Review of Haim Schwarzbaum, Jewish Folklore between East and West. Collected Papers
Near and Middle Eastern Studies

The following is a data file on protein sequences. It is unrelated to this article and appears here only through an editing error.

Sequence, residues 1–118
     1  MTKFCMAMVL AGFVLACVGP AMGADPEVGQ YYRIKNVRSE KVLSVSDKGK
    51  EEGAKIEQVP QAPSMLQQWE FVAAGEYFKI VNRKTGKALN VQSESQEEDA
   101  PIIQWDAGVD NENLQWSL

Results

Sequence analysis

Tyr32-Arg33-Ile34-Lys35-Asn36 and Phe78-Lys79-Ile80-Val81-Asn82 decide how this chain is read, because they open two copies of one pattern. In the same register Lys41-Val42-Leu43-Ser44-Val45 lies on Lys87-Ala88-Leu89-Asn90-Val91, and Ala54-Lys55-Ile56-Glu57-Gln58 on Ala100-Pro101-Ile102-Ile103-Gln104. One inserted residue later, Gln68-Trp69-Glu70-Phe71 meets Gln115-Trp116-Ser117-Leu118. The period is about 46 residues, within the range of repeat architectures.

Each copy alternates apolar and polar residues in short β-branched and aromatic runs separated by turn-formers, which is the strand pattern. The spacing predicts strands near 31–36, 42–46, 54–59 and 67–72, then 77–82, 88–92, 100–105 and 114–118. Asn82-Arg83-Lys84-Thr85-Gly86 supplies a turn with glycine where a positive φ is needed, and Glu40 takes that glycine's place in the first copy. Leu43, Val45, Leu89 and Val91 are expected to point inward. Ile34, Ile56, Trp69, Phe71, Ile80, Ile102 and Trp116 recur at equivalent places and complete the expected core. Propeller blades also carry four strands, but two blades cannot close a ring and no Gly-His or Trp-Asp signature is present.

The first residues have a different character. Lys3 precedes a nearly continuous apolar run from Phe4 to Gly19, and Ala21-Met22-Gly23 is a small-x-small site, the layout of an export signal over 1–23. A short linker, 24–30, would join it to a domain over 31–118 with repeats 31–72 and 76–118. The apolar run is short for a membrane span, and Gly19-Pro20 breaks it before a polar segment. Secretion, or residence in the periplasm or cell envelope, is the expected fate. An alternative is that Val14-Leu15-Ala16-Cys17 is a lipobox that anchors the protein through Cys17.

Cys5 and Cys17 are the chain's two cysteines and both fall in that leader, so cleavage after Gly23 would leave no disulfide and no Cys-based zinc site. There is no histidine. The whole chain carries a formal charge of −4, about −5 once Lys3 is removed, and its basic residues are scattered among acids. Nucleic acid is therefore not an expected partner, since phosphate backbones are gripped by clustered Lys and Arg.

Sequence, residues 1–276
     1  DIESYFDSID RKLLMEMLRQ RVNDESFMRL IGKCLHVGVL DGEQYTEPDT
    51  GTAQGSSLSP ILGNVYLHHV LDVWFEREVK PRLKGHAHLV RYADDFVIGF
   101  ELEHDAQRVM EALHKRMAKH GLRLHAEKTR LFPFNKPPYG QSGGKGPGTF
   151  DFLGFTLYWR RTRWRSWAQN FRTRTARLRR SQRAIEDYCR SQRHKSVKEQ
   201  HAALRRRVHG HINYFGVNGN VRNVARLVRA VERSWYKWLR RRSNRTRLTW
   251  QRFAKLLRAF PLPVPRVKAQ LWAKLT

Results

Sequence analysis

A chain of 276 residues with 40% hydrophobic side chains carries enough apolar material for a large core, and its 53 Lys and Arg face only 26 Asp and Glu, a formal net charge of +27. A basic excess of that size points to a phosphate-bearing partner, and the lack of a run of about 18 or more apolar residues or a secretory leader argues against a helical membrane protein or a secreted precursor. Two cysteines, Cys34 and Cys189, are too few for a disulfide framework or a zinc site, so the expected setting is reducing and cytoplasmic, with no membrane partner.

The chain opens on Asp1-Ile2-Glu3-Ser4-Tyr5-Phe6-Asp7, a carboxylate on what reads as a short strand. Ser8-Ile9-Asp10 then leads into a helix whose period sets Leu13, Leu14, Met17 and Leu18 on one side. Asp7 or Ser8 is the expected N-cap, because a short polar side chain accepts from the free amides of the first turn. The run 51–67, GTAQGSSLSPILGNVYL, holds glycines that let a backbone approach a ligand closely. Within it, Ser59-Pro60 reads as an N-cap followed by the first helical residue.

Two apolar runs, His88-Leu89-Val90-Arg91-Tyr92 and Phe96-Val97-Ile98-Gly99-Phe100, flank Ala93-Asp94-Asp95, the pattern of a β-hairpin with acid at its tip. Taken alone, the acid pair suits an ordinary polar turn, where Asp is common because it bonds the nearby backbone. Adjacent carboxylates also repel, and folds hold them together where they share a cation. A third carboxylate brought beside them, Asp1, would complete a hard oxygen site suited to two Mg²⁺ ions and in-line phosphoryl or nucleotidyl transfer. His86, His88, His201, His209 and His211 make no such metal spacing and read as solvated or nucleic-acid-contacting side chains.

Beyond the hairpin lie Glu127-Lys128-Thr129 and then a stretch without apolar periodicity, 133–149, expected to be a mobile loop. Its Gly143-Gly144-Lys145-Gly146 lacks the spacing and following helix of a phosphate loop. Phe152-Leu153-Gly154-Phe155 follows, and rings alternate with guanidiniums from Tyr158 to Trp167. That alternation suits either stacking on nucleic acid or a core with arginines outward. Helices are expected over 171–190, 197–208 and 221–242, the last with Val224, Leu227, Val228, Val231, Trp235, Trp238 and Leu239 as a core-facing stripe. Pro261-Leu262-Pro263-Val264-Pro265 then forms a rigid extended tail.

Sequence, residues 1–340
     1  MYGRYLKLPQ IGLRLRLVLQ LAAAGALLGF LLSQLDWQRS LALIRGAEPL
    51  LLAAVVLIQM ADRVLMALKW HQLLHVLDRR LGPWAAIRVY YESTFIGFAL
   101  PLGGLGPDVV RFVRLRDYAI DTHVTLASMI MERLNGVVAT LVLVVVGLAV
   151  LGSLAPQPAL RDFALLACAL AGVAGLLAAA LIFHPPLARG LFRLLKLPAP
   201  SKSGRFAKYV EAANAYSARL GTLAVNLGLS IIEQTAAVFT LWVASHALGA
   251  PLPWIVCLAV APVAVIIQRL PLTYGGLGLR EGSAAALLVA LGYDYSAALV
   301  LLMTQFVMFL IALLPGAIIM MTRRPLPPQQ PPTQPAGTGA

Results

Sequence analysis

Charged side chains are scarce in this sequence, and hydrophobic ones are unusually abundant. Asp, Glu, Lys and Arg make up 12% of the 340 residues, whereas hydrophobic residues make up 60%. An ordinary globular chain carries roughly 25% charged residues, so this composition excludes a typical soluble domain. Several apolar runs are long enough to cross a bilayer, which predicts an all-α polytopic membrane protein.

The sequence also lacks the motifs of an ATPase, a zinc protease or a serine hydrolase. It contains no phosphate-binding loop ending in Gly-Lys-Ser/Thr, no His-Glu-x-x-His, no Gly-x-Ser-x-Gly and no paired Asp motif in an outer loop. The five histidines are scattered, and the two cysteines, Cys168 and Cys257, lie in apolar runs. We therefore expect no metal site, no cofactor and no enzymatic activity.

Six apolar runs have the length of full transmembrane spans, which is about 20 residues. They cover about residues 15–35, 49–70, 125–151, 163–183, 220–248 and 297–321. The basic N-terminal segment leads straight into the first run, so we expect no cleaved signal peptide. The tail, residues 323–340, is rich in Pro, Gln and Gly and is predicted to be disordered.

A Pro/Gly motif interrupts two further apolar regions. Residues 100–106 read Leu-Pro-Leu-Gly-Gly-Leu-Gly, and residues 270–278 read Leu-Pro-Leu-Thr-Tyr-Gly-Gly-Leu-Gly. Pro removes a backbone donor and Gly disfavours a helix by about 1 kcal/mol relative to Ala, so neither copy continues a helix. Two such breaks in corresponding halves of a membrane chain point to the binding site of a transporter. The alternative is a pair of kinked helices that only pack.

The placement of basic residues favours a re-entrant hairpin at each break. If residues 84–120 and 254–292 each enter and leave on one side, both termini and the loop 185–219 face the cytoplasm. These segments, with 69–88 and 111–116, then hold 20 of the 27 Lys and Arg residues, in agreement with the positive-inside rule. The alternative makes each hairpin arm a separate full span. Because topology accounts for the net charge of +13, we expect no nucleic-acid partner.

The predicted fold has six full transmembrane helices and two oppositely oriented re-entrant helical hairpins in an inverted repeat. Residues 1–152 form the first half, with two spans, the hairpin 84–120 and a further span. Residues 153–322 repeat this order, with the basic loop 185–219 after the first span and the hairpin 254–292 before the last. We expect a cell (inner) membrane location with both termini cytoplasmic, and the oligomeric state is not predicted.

In his obituary for Haim Schwarzbaum (1911-1983), Dov Noy tells that upon his arrival at Bloomington, Indiana in 1952 to begin his graduate studies, Stith Thompson asked him whether he knew Haim Schwarzbaum in Israel. He did not, and Professor Thompson invited Dov Noy to his office and showed him the thick file of correspondence that he conducted with Schwarzbaum, saying: "You should know that I correspond with over a hundred folklorists worldwide, and your Haim Schwarzbaum is the most erudite of them all" (Noy 1986, 88). At the time Schwarzbaum was in his early forties. Most of his publications to that date appeared in the literary supplement of newspapers; only two of his articles were published in Hebrew scholarly journals (GANUZ 1984, 10). Yet in his private scholarly correspondence he had already demonstrated his overflowing erudition to be deserving of such an accolade from the leading folktale scholar of our time. Folklorists learned about his scholarly acumen only in the late fifties, when his articles began to appear regularly in scholarly publications.